Movement, But Miles to Go
American colleges have ratcheted up the number of sub-baccalaureate degrees they award -- but not nearly enough to approach the aggressive college completion goals that President Obama and others have set for the country.
The Education Department's National Center for Education Statistics published a report Wednesday that zeroes in on associate degrees, certificates and other credentials below the bachelor's degree -- credentials that often get short shrift in discussions of higher education policy, but that are increasingly seen as crucial to the country's ability to produce not only a skilled work force, but an educated citizenry.
Countries such as Canada, for instance, have raced past the United States in (sometimes criticized) international rankings of postsecondary attainment in large part because they've successfully drawn significant numbers of their citizens into sub-baccalaureate programs. President Obama has set a goal of having the country back atop the college attainment rankings by 2020.
The newly released data suggest that, taking a long view, more Americans are entering and emerging from such programs. As seen in the table below, the number of degrees and certificates awarded by colleges and universities that award federal financial aid rose only modestly (by 2.7 percent) from 1997 to 2002, but then jumped sharply, by 25 percent, from 2002 to 2007. The overall rate of increase over the course of the decade, 28.4 percent, was slightly less than the rate of increase for bachelor's degrees, which grew by 11 percent from 1997 to 2002 and 18 percent from 2002 to 2007.
Subbaccalaureate Awards Conferred by Financial Aid-Granting Colleges, 1997-2007
|1997||2002||2007||% Change, 1997-2002||% Change, 1997-2007|
Source: National Center for Education Statistics
Several other things stand out about the data on subbaccalaureate credentials:
- Women and members of minority groups have long been disproportionately represented among recipients of subbaccalaureate credentials, and their proportions of the totals have been increasing. Women received 62.2 percent of all such credentials awarded in 2007, up from 60.8 percent in 1997, and non-whites made up 41.4 percent of all subbaccalaureate recipients in 2007, far greater than their representation among bachelor's degree recipients.
- Nearly a third of all subbaccalaureate credentials in 2007 were awarded in health care fields, with slightly less than a quarter in non-science academic fields (such as liberal arts and family sciences), 12 percent in business, 10.6 percent in manufacturing or construction fields, and 8.6 percent in scientific fields.
- Public two-year colleges conferred a solid majority (57.8 percent) of the subbaccalaureate credentials and 69 percent of the associate degrees in 2007. But by far the fastest growth in the number of such credentials awarded was among for-profit colleges, which in 2007 awarded 37 percent of the short-term certificates, 47 percent of the moderate-term certificates, and 46 percent of the long-term certificates.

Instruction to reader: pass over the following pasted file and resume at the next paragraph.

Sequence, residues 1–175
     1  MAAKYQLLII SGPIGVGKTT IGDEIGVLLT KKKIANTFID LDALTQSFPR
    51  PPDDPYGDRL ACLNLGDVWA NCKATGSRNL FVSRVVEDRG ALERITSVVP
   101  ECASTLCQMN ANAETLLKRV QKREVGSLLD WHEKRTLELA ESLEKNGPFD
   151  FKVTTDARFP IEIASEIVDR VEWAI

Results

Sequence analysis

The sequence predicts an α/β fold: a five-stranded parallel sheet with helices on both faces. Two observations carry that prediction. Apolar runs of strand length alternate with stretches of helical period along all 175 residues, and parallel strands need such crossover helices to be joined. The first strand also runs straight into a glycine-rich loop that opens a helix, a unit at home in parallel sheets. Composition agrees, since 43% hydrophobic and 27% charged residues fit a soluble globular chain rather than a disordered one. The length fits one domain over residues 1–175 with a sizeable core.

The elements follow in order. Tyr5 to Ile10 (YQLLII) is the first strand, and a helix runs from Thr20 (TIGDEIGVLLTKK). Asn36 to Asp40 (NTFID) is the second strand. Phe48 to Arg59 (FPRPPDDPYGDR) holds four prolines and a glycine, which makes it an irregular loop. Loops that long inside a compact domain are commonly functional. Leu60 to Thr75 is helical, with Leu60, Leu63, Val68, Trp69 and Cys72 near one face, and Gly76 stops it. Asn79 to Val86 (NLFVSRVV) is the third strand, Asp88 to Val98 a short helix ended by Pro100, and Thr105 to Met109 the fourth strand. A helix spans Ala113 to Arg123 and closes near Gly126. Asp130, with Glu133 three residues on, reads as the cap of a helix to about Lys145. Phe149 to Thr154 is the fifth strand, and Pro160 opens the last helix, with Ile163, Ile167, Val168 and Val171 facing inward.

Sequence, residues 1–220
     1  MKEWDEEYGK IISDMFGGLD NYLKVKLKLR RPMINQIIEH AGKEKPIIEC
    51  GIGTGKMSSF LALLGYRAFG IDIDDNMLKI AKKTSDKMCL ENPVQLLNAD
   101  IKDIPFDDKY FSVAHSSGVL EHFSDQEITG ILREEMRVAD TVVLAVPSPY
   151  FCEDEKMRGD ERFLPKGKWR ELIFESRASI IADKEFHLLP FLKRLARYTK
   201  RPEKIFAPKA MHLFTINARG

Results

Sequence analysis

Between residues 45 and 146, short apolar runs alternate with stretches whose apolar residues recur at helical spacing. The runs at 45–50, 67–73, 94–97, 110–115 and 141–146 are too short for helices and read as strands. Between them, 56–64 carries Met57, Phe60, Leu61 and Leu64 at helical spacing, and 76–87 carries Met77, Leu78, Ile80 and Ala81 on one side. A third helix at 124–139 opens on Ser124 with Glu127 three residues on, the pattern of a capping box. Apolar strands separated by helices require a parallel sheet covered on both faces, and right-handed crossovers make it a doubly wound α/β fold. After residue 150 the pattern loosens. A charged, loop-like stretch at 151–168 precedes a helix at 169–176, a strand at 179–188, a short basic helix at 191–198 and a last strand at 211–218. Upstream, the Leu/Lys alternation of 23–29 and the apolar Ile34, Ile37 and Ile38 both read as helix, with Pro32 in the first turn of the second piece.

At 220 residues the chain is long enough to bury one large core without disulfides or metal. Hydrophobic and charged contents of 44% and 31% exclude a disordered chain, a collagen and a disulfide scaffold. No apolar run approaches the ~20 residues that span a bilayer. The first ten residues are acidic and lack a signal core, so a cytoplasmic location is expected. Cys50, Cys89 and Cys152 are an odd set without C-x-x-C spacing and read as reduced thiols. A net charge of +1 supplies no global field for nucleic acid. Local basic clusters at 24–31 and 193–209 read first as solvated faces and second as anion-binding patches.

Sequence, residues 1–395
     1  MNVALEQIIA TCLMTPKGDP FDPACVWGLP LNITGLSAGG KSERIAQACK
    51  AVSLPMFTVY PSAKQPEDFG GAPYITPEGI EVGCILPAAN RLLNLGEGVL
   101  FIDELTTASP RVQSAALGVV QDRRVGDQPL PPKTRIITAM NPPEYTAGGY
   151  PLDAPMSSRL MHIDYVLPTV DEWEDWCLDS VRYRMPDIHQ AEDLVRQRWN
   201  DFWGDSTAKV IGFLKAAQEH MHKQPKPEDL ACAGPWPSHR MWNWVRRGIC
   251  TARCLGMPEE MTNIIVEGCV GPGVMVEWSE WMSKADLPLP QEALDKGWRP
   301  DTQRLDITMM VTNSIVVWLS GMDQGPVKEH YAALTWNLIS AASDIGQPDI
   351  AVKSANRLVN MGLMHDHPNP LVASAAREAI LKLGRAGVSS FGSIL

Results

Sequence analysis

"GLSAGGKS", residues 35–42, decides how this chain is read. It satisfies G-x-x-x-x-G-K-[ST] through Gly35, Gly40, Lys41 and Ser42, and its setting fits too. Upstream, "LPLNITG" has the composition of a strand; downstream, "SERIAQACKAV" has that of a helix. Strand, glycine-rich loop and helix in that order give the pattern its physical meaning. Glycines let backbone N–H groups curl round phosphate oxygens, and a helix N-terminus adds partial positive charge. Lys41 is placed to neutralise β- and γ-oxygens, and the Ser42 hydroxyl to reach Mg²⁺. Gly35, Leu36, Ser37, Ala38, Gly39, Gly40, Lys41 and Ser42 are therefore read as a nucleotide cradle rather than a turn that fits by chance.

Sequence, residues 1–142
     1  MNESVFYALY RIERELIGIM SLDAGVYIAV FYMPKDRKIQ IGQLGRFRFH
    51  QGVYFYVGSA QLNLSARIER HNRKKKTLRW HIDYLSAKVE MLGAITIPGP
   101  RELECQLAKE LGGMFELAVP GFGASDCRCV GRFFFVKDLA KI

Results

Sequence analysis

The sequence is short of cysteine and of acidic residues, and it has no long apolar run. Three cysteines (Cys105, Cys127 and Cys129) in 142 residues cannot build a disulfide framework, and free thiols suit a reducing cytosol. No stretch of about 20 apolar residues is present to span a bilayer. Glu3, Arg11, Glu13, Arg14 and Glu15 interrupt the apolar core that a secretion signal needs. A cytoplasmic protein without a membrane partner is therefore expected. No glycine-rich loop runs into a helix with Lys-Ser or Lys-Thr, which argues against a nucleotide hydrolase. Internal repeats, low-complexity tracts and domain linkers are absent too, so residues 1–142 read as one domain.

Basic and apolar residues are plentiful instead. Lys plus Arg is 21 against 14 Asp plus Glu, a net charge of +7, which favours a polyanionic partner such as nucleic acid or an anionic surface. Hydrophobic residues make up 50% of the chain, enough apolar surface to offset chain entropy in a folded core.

Tom Weko, associate commissioner of NCES's postsecondary division, said in an interview that the data -- which the department has never presented in quite this form before -- were important in understanding a relatively underexplored segment of the higher education market. "This is where a huge share of American postsecondary education is, and we need to devote appropriate attention to it, given the magnitude of what's happening here and the importance of it to further education and to the labor market," Weko said.
Jacqueline E. King, assistant vice president of the American Council on Education's Center for Policy Analysis, said that "rapid" rise in certificates and associate degrees from 2002 to 2007 was noteworthy, given recent analyses by labor economists showing that 45 percent of jobs over the next 5-10 years will be in the "middle skill" positions that require these sorts of subbaccalaureate credentials.
While the NCES data cover only colleges that offer financial aid, higher education officials and policy makers are grappling to understand the full range of providers of such credentials -- which can include not only company-offered training but also organizations like the American National Standards Institute that certify personnel skills, King said.
"When you realize that there's a lot more out there in this murky world of subbaccalaureate education and training that we don't really have the means to account for," the data provided by NCES don't look bad, King said.
Anthony Carnevale, director of Georgetown University's Center on Education and the Workforce, sees the numbers a bit differently. While the rate of increase in the awarding of subbaccalaureate credentials is improving, he said, it's growing much faster in other countries in the Organization for Economic Co-operation and Development that are already ahead of the U.S. in subbaccalaureate production. "The rates of increase in other OECD countries tend to be at least 10 percentage points higher, and in some cases 5 to 6 times higher because they're starting lower," Carnevale said.
In addition, the NCES data probably overstate the number of people getting education and training in the U.S. because of "double counting," he said. "Almost 17 percent of people with B.A.s have earned certificates, too, and people are getting multiple certificates, with the phenomenon of 'stacking,' " particularly in health care fields.
"So '28' sounds great, but it's not a stellar number," he said. Right now the U.S. is situated eighth in subbaccalaureate attainment, and at the rates evidenced in the NCES study, said Carnevale, "these numbers aren't going to move that an inch" toward President Obama's goal.